Always investigate the reasons for sheep abortions, advises Sligo vet
Analysis by regional veterinary laboratories shows toxoplasmosis and enzootic abortion (EAE) to be the leading causes of abortion in sheep.
“My advice to farmers is to always investigate the reasons for abortions. Contact your veterinary practitioner who will arrange for swabs to be sent to FarmLab Diagnostics in Elphin and for foetuses and placentae to be sent to the regional veterinary laboratory,” he said.
Paul is seeing an increase in the incidence of both toxoplasmosis and EAE on his clients’ farms this year, with a number of samples sent to the Sligo laboratory coming back as positive to either toxoplasmosis or EAE, or both.
A serious problem presented on a flock of 50 ewes where 15 aborted within a month of lambing. While the first foetuses sent to the laboratory did not test positive for either toxoplasmosis or EAE, later samples were positive for EAE.
“That can sometimes be the case, where it may take a second or a third submission before you get a positive result,” said Paul.
He has also dealt with a severe case of toxoplasmosis in an early lambing flock where around half of a group of 40 replacement ewes aborted. The farmer in question had planned to vaccinate before the ewes went to the ram, following previous investigations, but “didn’t get around to it”.
He said that while toxoplasmosis is not passed from ewe to ewe, EAE is highly infectious, with organisms passed from ewe to ewe in infected afterbirth, on new lambs and in vaginal discharges for up to three weeks after lambing.
“Where enzootic abortion is diagnosed, it is vital to keep aborted ewes separate from the rest of the flock and not foster lambs on to aborted ewes. Keeping bought-in ewes separate from the rest of the flock and segregating ewes into different age groups can also help.”
Paul is also actively involved with his father Colin in running the family sheep flock at The Rock, Dungannon, Co Tyrone.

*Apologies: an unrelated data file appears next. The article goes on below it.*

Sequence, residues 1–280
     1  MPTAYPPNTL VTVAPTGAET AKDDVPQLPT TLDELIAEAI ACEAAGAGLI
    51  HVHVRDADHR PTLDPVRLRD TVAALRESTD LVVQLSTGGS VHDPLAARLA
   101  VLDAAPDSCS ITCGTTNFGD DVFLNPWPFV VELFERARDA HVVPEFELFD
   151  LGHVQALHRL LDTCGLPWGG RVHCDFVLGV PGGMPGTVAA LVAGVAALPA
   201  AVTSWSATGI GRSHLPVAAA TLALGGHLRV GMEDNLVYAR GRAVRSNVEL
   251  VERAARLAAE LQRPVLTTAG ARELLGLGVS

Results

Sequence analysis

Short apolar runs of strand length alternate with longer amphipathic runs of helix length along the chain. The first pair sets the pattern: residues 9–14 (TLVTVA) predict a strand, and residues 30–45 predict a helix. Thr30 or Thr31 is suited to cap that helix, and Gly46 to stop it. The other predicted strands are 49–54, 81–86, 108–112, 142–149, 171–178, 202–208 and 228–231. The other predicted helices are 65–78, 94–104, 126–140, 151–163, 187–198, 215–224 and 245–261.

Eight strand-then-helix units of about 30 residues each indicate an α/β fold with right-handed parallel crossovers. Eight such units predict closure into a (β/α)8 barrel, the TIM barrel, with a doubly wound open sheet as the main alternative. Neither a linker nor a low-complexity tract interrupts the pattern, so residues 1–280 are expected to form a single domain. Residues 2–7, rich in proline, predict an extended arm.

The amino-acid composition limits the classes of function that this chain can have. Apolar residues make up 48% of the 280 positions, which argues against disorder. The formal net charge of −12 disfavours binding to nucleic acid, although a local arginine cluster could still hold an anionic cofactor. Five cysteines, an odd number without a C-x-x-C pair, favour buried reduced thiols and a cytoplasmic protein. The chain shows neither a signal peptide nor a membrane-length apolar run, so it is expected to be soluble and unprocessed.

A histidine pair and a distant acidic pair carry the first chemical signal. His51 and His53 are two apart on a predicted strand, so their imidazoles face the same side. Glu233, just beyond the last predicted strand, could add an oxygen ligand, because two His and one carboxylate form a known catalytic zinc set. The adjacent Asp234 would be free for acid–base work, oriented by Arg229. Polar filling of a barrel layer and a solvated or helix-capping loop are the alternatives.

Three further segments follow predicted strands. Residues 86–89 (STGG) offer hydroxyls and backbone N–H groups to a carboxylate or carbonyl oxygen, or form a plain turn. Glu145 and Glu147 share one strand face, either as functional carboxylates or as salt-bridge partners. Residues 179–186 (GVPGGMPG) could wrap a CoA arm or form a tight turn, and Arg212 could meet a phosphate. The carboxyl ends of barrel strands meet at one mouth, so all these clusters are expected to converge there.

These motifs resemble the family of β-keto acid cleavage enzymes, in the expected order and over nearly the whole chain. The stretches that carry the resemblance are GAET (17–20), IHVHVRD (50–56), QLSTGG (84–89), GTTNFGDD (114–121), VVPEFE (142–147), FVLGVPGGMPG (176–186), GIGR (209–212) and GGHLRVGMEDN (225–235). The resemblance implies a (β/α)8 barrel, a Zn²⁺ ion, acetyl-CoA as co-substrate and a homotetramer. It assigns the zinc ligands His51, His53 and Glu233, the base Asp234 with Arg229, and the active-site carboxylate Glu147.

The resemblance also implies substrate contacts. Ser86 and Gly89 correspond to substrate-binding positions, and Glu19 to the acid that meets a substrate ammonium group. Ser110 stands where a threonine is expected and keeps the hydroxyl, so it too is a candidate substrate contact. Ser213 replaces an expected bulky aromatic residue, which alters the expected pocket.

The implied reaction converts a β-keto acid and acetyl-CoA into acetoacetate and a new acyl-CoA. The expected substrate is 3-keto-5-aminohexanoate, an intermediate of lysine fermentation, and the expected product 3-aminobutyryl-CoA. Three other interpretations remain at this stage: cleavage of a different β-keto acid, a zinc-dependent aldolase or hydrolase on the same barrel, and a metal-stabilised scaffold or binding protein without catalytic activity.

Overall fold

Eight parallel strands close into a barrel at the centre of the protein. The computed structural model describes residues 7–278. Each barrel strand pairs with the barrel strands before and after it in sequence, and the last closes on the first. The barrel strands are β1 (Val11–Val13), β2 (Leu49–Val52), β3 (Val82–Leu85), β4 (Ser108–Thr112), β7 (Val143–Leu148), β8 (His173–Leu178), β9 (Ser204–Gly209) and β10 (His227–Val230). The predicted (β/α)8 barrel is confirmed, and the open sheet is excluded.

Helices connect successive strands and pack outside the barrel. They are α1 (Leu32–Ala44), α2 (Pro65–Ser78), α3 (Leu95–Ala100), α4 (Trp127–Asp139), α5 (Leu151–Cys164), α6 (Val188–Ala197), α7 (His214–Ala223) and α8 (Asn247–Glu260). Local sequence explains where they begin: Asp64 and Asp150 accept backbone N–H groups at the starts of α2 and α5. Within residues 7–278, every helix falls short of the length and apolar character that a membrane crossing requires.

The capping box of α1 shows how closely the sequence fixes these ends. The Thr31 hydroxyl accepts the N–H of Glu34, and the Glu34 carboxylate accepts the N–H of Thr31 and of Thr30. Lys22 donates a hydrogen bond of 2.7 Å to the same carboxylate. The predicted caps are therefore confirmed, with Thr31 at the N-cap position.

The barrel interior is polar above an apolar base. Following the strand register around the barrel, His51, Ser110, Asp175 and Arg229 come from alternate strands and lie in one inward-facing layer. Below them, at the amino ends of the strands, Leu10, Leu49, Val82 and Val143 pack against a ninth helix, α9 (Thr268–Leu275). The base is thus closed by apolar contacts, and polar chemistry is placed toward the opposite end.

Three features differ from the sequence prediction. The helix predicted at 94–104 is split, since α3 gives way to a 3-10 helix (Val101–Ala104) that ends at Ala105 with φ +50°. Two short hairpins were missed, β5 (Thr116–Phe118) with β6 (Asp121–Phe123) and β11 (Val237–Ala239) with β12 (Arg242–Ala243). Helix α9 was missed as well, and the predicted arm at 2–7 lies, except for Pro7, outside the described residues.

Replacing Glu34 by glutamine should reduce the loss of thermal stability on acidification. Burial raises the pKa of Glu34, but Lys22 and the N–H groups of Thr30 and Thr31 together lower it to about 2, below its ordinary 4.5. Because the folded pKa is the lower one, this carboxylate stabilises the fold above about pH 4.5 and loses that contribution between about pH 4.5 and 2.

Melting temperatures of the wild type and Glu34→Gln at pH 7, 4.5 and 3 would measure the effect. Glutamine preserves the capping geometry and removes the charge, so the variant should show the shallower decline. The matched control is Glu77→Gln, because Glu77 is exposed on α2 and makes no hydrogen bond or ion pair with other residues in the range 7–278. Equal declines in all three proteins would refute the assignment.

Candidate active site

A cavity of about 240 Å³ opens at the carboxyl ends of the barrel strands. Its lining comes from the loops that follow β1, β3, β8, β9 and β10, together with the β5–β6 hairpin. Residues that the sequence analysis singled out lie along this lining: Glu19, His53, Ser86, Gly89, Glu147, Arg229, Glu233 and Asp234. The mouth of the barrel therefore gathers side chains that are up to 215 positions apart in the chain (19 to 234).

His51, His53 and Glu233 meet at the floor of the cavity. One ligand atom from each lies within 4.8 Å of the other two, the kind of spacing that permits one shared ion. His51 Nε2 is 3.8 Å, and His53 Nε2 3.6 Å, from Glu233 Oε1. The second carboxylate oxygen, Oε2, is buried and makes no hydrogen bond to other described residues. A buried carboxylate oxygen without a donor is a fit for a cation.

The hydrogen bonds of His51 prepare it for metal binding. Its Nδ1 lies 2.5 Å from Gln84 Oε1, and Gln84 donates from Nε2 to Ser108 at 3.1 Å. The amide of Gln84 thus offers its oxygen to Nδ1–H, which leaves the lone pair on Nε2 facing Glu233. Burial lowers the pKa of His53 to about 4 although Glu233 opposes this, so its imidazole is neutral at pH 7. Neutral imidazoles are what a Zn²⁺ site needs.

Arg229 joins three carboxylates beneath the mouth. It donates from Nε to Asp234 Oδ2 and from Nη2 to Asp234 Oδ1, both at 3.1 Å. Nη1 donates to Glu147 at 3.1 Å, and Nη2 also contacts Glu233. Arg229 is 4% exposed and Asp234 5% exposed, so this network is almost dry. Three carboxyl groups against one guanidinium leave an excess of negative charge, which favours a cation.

They have a flock of 200 ewes, split half and half between pedigree Beltex and Charollais and a commercial flock. Paul also runs a flock of around 50 pedigree and commercial ewes at Strandhill, Sligo.
Progeny from their Beechtree pedigree flock are in strong demand in England and from farmers in both Northern Ireland and across the Republic of Ireland.
“We have been vaccinating against toxoplasmosis and EAE for the past eight to 10 years.
“While tests didn’t show positive to either disease, since we started vaccinating our barren rate is dramatically down and we have had no abortions,” said Paul.
“The one-shot vaccines available for toxoplasmosis and enzootic abortion (EAE) can be given to non-pregnant breeding ewes and lambs (from five months of age).
“Vaccination must be completed at least four weeks before sheep go to the ram,” advised Paul Barnes.
“Generally, just one shot of each vaccine is required during the lifetime of the ewe. It is important to get veterinary advice on the most appropriate vaccination strategy for your farm,” he added.
FarmLab Diagnostics in Elphin, Co Roscommon, provides a test which can be used as a preliminary step in the diagnosis of both toxoplasmosis and enzootic abortion.